If there is a mechanism for recognizing loose ends of DNA, what about the ends of every eukaryotic chromosome? They are linear chromosomes, so they have ends, right? What prevents the double-strand-break repair systems from mis-recognizing them all as broken DNA and concatenating all of the chromosomes together? Interestingly, the answer to this question is intimately tied up with the answer to the problem of end- replication, which was very briefly alluded to in our description of replication.
The end-replication problem is one that affects all linear chromosomes. It boils down to one simple fact: an RNA primer is needed to start any DNA replication. So on the 5’ end of each strand is an RNA primer (Figure 24 in yellow) that gets removed by the error-correction process. Thus with every round of replication, information is lost from the 5’ end of each strand of each chromosome.
Eventually, crucial genes are lost and the cell will die; most likely many cellular functions will be compromised long before that happens. The solution to the end-replication problem might be considered more a treatment of symptoms than a cure, to use an analogy to medicine. In short, during the very early stages of an organism’s life, a lot of non-coding DNA is added onto the ends of the DNA so that as the cell and its progeny continue to reproduce, the nucleotides do not affect any functional genes. This process is catalyzed by the enzyme telomerase.
Telomerase is a large holoenzyme that acts as a reverse transcriptase, reading a self-contained RNA template to add on telomere sequence to the 3’ ends of linear chromosomes. Note that this does not add onto the 5’ ends - as mentioned above, there is nothing to be done about the 5’ ends directly. However, while telomerases are active, the 3’ ends can be extended, and thus when the 5’ end primer is removed, the sequence lost (forever) from that strand of DNA is only a telomeric repeat and not something more useful. The repeats are well conserved across eukaryotes, and almost completely conserved across mammalian species (shown in Figure 25).
In metazoans, telomerase activity is high in the embryonic stages of life, but is virtually non-existent in adults except in cell types that must constantly proliferate (e.g. blood and epithelial cells). The activity of telomerase is primarily regulated by expression of the TERT gene (telomerase reverse transcriptase) although construction of the full telomerase also requires the expression of the TERC gene (the telomerase RNA, also abbreviated TR), and dyskerin. Roughly speaking, the number of telomeric repeats that are placed on a chromosome in early development determines the number of DNA replications and cell divisions that the cell can undergo before succumbing to apoptosis (programmed cell death). Experiments on cells in culture demonstrate a strong correlation between telomere length and longevity, and it is known that cells taken from people with the premature aging disease, progeria, have relatively short telomeres.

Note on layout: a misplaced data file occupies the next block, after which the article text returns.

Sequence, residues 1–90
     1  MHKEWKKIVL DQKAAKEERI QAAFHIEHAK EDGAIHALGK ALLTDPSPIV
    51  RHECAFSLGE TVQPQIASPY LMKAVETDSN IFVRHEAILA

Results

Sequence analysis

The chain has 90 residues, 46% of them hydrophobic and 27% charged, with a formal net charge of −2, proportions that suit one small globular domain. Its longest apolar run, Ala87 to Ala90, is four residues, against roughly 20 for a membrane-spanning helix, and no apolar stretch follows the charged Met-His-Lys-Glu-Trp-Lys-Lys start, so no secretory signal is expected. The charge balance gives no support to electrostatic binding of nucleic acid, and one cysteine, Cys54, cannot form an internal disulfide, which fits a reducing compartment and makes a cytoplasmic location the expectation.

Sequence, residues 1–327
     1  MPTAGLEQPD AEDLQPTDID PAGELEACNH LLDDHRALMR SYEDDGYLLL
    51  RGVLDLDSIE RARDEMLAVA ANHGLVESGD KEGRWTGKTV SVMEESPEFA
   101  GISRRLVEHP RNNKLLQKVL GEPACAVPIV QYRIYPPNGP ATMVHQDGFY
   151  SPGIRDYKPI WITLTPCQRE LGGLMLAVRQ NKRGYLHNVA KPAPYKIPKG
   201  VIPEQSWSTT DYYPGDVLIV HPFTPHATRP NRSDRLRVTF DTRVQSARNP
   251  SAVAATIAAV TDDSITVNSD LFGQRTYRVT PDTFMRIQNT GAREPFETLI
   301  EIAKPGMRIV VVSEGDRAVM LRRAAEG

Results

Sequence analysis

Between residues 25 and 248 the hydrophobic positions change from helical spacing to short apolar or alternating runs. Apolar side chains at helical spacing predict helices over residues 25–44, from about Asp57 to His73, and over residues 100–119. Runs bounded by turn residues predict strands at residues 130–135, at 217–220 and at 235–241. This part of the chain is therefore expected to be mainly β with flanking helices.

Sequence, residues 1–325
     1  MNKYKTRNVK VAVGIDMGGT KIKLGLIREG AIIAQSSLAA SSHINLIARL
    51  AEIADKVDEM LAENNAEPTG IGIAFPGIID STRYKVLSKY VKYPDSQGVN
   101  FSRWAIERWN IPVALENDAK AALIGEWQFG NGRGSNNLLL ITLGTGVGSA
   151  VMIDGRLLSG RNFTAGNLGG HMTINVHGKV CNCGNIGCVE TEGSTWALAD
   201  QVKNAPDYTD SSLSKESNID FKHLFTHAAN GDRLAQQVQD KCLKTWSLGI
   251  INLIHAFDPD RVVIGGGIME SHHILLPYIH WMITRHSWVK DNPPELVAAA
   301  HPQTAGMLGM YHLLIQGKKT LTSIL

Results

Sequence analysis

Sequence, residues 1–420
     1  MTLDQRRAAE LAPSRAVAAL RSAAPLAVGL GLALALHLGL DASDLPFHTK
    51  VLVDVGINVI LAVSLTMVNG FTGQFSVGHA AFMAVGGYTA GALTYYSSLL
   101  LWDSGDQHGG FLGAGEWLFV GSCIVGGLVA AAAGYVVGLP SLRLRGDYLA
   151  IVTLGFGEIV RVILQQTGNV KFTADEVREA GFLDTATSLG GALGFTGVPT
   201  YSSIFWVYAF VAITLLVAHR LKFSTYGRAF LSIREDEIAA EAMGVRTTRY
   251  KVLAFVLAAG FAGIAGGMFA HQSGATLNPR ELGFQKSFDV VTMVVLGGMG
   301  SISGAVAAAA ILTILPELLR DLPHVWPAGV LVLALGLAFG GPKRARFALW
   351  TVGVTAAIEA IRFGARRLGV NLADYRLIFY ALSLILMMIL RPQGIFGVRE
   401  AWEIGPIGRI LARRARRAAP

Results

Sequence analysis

Conversely, cancer cells almost universally have unregulated expression of telomerase. Given that a defining characteristic of cancer cells is the ability to proliferate rapidly and indefinitely, turning telomerase back on is, not surprisingly, an important aspect of carcinogenesis. It is therefore a target for anti-cancer treatments; however, to date no telomerase-targeting therapies have proven effective.
Now that we know about telomeres, the question that started this section becomes even more problematic: with these repeated sequence overhangs, how are chromosomes prevented from connecting end-to-end through a double-strand repair-like process? In part due to their repeated sequences, telomeres are able to form end-caps and protect chromosomal ends. The telomeres protect the ends of each chromosome by binding to protective proteins and by forming complex structures. Telomere end binding proteins (TEBP) bind to the 3’ overhanging end of the telomere. Other capping proteins, such as the mammalian TRF1 and TRF2 (telomere repeat binding factors) not only bind the telomere, but help to organize it into large looped structures known as T-loops (Figure 26).
Finally, the T-loop ends are further stabilized by the formation of G-quartets (Figure 27). G-quartets are a cyclic tetramers that can form in sequences with four consecutive guanine residues, which hydrogen-bond to each other to make a linked square shape stabilized by a metal ion in the center. Furthermore in cases like the telomere, in which such sequences are repeated, the G-quartets can stack and associate three-dimensionally, increasing their stability.